Is it worth bidding on generics?

Yes. But then as a pay per click (PPC) Analyst I would say that wouldn't I?

The fact is your generic keywords will always be more expensive than your brand terms, as the space will always be more competitive with so many brands and resellers vying for the same audience. Unless your PPC strategy is heavily brand focussed, one would also expect there to be significantly more generic keywords then brand terms within the account.

As the pyramids below illustrate, considering that both the conversion rate and average order value (AOV) will almost always be lower on generics than on brand terms, and the cost per clicks (CPCs) higher, the standard is to spend significantly more on generic terms for a lower return, and for a significantly lower return on investment (ROI).

Pyramid

So we should stop bidding on generics right?

Well you could, but expect your revenue to fall. The majority of paths to conversion begin with customers shopping around on the generic keywords (bed, dresses, etc.) along with competitor sites and comparison engines. Then once they've decided what to purchase, and where from, they return on a branded term.

Therefore by not appearing in the generic searches (the research phase), you are not reaching potential new customers, hence your brand searches and conversions will drop, along with your revenue.

So where's the happy middle?

Obviously not on bidding only on brand, as there's little means of acquiring new customers, only those who already know they want to buy from your brand. However, I also wouldn't advise spending your entire budget on expensive generic terms which don't convert or contribute to the path to conversion. And therein lies the answer, find the generic terms which contribute to the conversion path, and accept that when judging these keywords on a last click basis, the job of these generic keywords is to drive brand sales.

Can we measure the impact of these keywords?

Absolutely. One way to test these on a last click basis is not to bid on specific keywords for a period of time, say two weeks, and then bid on them for the same period, measuring the effect on your brand conversions. You can also test by increasing position in the same way, and see if by appearing in position 1-3 instead of 4-8, you see more conversions both on that keyword and on your brand. If your brand conversions increase when that generic keyword is active, assuming there are no other influencing factors such as sales or promotional periods, then arguably this keyword contributes to the conversion path.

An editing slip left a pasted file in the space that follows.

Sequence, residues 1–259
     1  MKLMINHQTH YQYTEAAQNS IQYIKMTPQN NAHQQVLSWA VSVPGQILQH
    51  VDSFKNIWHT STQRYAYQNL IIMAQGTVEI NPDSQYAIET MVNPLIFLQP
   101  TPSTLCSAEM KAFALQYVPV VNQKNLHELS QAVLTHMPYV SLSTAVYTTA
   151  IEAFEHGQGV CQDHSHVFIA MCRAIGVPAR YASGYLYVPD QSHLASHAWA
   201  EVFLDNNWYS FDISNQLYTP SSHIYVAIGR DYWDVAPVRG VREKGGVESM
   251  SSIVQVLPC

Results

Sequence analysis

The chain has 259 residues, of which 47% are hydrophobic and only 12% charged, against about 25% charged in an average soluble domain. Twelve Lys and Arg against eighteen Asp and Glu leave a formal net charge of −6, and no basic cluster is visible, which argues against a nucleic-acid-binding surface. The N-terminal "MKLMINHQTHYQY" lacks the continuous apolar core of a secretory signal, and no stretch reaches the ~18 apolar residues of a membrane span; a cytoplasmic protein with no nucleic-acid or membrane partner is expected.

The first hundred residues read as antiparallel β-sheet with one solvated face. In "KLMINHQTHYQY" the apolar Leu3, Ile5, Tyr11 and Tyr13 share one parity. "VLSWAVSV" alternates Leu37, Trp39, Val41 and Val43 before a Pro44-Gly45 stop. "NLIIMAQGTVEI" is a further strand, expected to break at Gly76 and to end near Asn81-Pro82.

However, this is not necessarily the most precise means. A more accurate test is to invest in a more advanced tracking system and see the whole path to conversion. This allows full visibility of how customers are searching for and buying your products, and how the different keywords and channels interact. Another benefit of this method is that you can build an attribution model to credit the generic keywords with the sale if they appear in the conversion path before the brand keyword, therefore allowing your generic keywords a fairer chance to hit the ROI targets.

Understanding your generics

Whichever way you choose to test your generic keywords, it is clear that it is crucial to understand their contribution. The drop in revenue from not appearing on generic keywords can be drastic, but without understanding which generics are contributing to the path to conversion, it will be a tough challenge to rectify this.

On a last click basis your generics generally will look terrible in terms of ROI or cost per acquisition (CPA). However, with an attribution model from a more advanced tracking system in place giving the generics credit for conversions where they did the hard work, or even from attributing the lifetime value of a generic conversion back to the generic keyword that converted, they can start to cost in without having to rely on the brand ROI to balance the generic's out.

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